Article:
Dated on Feb. 10, 2004 from Phnom Penh
/ Apsaras on stage in Japan /
An Apsara(heavenly maid) is a dancer that every girl in Cambodia longs to be. The incumbent Minister of Culture, Princess Norodom Bopha Devi used to be a No.1 Apsara dancer. Apsara dancing classes started because we hoped that Cambodians would become proud of their tradition and culture. And soon lovely little 'Apsara' dancing girls are going to visit Japan. The Apsara dancers will shiver during one of the coldest months in Japan. ASAC's Noda branch is now busy preparing winter clothes for them. Public performances will be held at the No.1 Primary School in Kashiwa, then at the Northern Primary School in Noda. On March 4th, a charity show will be opened at WUU studio near Kashiwa station. On March 6th, a joint performance with the local students of Noda city is to be held in Keyaki hall. And it will be offered as appreciation for all donors and supporters of ASAC.
/ Planned primary school to be named 'Elephant Footprint' /
The development of the center area in Kampot district, Kampot province, is almost completed. And now the outskirts are expanding. The mistress of a small shop across from my usual inn showed me an application form for the school construction. She had long been complaining about the indecisive attitude of officials toward this project. The school is to be named Elephant Footprint. Its location is further into the interior than the Noda-Don Soy Primary School, which was thought to be at the very end of the developed land, and we have to go there by crossing a terrifying suspension bridge. The transport of construction materials must be more difficult than for the Toul Ponley Primary School, which was the first school that ASAC built in Cambodia. Of course, there is no other school around this isolated area.
If we can build some classrooms, the priest monks(who are living in the temple just now under construction) and some other people are willing to teach the children voluntarily.
/ Old King Primary School /
There are many large scale schools in the center of Kampot town. These schools stand very closely together and each of them holds a large number of students. Among them, there is a two-story primary school. It is called "Old King primary school." Although the school looks fine from the outside, the Board of Education referred to it as one of the schools which needs urgent renovation. We always thought this concrete building very impressive. But during our inspection, we found that it was miserably broken down. Or rather, it seemed to have been built by unskilled engineers. The center of the ceiling was distorted and nearly falling down. Floor tiles had peeled and there were lots of holes like crevasses. The concrete was falling off the walls and we could see rusty iron rods exposed. It was decided that this broken down school was to be reconstructed, together with another decrepit one in the back, which was infested by termites. All of these defects are the result of the corner-cutting on construction works. As for the engineers of ASAC, they can never escape from blame for poor work because it is very clear who was responsible for a particular school. I hope our engineers keep on doing a good job so that their names as well as the name of ASAC will be respected in Cambodia.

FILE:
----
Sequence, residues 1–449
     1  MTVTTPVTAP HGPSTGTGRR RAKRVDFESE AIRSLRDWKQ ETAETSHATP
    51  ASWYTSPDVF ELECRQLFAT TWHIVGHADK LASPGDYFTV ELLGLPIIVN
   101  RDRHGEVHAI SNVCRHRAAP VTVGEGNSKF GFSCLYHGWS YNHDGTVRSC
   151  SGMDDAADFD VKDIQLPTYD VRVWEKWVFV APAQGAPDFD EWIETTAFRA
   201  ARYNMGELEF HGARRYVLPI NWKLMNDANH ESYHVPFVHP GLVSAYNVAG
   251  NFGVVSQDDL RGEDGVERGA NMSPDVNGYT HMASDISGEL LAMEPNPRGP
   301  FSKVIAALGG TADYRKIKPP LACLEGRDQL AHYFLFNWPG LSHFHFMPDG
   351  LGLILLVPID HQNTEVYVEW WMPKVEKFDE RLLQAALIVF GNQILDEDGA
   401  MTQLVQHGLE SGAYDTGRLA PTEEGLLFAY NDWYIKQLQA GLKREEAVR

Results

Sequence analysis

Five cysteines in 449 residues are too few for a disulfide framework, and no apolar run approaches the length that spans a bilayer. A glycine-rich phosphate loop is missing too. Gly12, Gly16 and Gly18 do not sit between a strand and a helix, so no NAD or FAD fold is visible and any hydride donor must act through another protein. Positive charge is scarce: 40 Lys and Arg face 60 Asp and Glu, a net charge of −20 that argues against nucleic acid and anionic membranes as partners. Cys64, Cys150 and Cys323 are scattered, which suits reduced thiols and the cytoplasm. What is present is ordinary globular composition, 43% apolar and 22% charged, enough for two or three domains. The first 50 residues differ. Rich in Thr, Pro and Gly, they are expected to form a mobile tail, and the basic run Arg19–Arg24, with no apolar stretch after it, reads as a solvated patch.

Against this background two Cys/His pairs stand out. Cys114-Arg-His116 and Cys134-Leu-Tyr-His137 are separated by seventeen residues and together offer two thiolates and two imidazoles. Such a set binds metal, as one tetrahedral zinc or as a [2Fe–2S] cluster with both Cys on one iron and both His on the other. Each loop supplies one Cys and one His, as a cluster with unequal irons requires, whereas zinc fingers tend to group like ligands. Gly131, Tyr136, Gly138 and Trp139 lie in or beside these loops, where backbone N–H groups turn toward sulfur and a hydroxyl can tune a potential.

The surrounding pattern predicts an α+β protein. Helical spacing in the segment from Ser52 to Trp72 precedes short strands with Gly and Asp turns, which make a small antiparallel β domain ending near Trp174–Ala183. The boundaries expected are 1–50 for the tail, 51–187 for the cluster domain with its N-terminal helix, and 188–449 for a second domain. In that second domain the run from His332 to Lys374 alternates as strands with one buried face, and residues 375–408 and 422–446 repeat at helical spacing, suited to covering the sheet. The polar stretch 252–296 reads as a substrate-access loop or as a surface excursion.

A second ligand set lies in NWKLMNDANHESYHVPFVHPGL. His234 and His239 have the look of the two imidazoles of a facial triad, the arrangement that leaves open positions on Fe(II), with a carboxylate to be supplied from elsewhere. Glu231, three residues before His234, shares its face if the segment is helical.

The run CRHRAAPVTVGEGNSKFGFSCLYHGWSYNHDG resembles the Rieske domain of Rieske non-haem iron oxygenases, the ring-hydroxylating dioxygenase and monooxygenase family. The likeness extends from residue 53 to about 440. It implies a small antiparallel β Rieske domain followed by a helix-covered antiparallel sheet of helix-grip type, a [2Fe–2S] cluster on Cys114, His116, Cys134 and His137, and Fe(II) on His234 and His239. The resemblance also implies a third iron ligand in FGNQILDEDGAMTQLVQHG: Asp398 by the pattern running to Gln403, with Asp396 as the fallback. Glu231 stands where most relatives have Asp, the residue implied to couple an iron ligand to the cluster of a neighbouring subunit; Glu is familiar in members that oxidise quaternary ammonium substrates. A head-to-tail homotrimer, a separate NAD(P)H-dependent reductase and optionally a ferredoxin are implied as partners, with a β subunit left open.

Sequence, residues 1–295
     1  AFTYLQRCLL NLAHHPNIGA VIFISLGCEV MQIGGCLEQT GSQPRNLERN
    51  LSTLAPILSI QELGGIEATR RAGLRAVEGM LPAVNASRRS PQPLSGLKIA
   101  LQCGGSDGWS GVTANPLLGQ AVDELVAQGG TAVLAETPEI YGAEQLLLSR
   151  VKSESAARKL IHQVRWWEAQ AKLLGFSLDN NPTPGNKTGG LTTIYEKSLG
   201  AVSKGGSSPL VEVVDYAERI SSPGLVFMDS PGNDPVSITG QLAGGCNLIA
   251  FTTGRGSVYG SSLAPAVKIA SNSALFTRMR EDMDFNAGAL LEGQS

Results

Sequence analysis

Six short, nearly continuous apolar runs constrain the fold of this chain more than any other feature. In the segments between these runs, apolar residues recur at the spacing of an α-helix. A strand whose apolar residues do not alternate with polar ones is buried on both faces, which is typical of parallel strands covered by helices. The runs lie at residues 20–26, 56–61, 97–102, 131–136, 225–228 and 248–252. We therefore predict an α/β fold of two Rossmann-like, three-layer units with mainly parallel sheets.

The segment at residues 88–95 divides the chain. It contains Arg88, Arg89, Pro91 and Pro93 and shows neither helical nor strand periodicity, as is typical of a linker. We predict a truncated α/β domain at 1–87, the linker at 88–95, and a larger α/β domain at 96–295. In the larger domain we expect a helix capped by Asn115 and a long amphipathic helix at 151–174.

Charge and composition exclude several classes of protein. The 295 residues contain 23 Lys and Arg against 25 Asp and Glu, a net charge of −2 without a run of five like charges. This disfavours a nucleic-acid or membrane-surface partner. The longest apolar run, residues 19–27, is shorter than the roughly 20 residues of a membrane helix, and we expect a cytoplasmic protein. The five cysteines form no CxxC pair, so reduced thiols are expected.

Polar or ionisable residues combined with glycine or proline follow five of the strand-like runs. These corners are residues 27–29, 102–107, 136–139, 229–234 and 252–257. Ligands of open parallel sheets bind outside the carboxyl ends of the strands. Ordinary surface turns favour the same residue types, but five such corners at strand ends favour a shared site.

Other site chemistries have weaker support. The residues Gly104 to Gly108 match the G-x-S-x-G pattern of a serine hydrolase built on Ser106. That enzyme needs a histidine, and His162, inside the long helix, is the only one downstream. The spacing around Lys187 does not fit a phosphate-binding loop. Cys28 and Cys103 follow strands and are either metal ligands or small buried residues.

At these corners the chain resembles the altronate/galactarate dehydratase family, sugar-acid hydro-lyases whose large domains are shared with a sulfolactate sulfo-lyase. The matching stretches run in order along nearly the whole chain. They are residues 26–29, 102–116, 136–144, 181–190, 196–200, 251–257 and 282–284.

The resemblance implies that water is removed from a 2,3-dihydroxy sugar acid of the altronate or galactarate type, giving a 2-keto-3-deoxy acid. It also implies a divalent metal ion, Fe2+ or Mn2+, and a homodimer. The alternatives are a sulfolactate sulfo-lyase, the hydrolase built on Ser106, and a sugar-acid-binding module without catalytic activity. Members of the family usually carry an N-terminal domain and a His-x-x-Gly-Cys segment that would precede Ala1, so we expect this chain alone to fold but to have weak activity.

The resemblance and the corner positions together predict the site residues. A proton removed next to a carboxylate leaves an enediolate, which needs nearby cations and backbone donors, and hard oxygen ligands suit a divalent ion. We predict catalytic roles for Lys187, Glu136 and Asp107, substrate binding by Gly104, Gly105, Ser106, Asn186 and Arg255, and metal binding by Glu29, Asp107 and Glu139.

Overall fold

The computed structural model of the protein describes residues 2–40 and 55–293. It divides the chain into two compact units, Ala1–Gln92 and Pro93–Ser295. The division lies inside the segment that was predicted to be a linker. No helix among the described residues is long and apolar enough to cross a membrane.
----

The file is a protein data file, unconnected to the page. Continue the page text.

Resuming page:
/ Echos of Arigato rang at Tonhon Primary School /
Tonhon Primary School, which ASAC supports, is now in its second stage of construction. This school is located in an area which floods almost every year and its roads were rough and its bridge was half-destroyed. But now the good infrastructure has reached the border area and its roads are remarkably improved.
Initially, it was thought that three classrooms were enough in this village. But nearly 700 students gathered at the school when it started. So a temporary straw roof hut was built. But still, school ran on three shifts. When the school was running in full swing, a tornado hit it. Most roof tiles were blown off from the main building. The straw house collapsed and some people were injured. So the construction of an additional five classrooms started immediately.
After the ground-breaking ceremony of the new schoolhouse, we were leaving school, when the children shouted in chorus "Arigato, Arigato!(thank you in Japanese)" Their voices are still ringing in my ears. If they wait a little longer, they can study in more comfortable conditions.
I would like to express my gratitude to the donors for 'the brick of school' foundation. Thank you very very much.
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